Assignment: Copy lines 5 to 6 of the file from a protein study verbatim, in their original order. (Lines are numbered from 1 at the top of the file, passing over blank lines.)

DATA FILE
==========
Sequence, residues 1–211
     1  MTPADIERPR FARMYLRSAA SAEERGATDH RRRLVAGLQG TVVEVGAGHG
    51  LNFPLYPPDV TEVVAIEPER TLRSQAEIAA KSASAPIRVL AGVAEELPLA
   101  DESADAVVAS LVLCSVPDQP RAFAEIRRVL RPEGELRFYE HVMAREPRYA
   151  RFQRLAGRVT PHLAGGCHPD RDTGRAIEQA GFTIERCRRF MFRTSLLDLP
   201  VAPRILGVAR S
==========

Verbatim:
   151  RFQRLAGRVT PHLAGGCHPD RDTGRAIEQA GFTIERCRRF MFRTSLLDLP
   201  VAPRILGVAR S